When Patton Oswalt walked onstage last summer at the Spreckels Theater during San Diego Comic-Con, an adoring crowd receives him with a standing ovation as the tune of The Ettes’ “Crown of Age” thunders through the speakers.

“They asked me to pick the most rocking song that you like right now, to walk out. Big energy. Boom! Get it started. So that was The Ettes, doing ‘Crown of Age.’ But I know, no matter how rocking of a song I pick, I know — I know what I look like walking out to the mike. It doesn’t help my ego to have a song by The Ettes just cranking. And then it’s me (he jogs away from the mike offstage, then walks back onstage and waves with a big grin). Hi! Do you guys like humor? Who here likes comedy humor? I have some humor. Hi.”

Patton Oswalt knows who he was then, last summer at 44, and now at 45, with the passage of time. And the tragedy and comedy crashing together. So Oswalt flips the formula around onto itself, calling this special, his fourth, “Tragedy Plus Comedy Equals Time.” Directed by Bobcat Goldthwait, Oswalt debuted this performance at the beginning of 2014 on EPIZ, and now, via Comedy Central Records, it had its edited release on that cable network Sunday night. A full 71-minute CD/DVD combo edition comes out Tuesday.

But what of the rest of it? Formulas notwithstanding, Patton Oswalt has a much bigger audience now than he did a few years ago, thanks to his onscreen roles, his online platforms in social media and his onstage comedy humor.

Time has rewarded Oswalt’s career and his personal life, as he has embraced both marriage and fatherhood now.

And that has him looking forward to his daughter’s wedding, and concerned that his fitness should not deteriorate to the point where he’s stuck on a scooter and reduced to using phrases such as “swab my folds.” He later jokes that, having lost two pounds recently, he’s ready for a new suit. Even if the sales clerks see him coming and try to warn him that he’s not a John Varvatos man quite yet. Which keeps him in just the right amount of self-loathing to confess that he also once hired a prostitute. Sort of.

You’ll see.

Oswalt himself has seen the world. He can confirm that Germans continue to lack a sense of humor — blame it on the Holocaust? — and that Florida is miserable. Not because these are easy jokes. Nor because of what Florida looks like geographically. Oswalt has performed in all corners of the peninsula, and has witnessed the dripping discords of “testosterone and anger” down there. But it’s not just Florida. It will spread. “I see where the country’s going, and it’s terrifying,” Oswalt says.

Especially because he is a dad now, and he wants to be a good one, on principle. There is a ledger, balancing out his mistakes with his good deeds. Sometimes, though, a good deed like watching “The Lion King” can lead to a mistaken identity situation in a coffee shop. Comedy and tragedy, crashing together at one time.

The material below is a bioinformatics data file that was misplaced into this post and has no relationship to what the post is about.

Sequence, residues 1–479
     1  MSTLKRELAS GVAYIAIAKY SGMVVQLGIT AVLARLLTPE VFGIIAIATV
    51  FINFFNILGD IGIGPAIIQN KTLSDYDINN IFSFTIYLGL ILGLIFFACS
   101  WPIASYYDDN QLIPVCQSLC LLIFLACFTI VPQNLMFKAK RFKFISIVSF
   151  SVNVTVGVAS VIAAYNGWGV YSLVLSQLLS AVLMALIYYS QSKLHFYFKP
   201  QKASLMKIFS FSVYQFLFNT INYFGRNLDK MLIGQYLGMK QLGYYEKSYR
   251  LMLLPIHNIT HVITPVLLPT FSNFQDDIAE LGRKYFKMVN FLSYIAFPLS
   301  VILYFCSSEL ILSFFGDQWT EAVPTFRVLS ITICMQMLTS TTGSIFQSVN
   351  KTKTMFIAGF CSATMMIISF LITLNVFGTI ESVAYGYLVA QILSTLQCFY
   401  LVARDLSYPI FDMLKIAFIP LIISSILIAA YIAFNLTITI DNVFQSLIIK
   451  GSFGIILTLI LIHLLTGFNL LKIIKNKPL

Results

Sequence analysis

“My daughter has made my depression way more creative,” Oswalt notes, as the stage lights behind him turn from blue to yellow.

Case in point: Oswalt spins out a tale about a late-morning trip to the supermarket, where he catches himself staring at the Lean Cuisine meals in the frozen foods aisle, realizing how unwilling he is to follow packaging with too many instructions. “Lack of effort” — that’s what he’ll eat! It’s a cautionary tale about evolution as told through microwave meals. And it shows how far we have come, Oswalt, too, from the guy who used to mock KFC mercilessly for its “failure pile in a sadness bowl.”

Roll the clip.

It’s not just food.

Oswalt acknowledges his musical taste as evolved, as well, to the point that he doesn’t hate music any longer; he merely ignores it now. With time comes perspective to understand that men have committed much greater sins and crimes in the pursuit of “money and pussy” than making mediocre music. So 44-year-old Oswalt has new advice for such bands: “Nickelback: It ain’t Pol Pot!”

He also can turn that advice back toward himself, with the self-realization that “I was screaming sell out because nobody wanted to buy what I was selling!”

“I didn’t understand what selling out meant,” he added.

Integrity is not an either-or proposition. A casino gig at Tulalip in Washington state paid him “a sacrilegious amount of money” and put him up in a hotel room larger than any place he ever has lived, and left the audience happier than he has ever left one, all without telling a single proper joke. “I had my career screamed at me. I agreed with it. Then I got a standing ovation.” And with it, the offer to play that routine out at 15 other casinos just like it. “Whenever you see me doing stand-up from this point on, just know that right behind me is the pulsing door of compromise and success,” Oswalt concedes. “It’s always fucking there.”

Every comedian has a “Hell gig” story, but Oswalt’s well-told tale here is a surefire reminder that Hell can be of your own making. Tragedy and comedy, crashing together in time.

Patton Oswalt, “Tragedy Plus Comedy Equals Time,” is available now:

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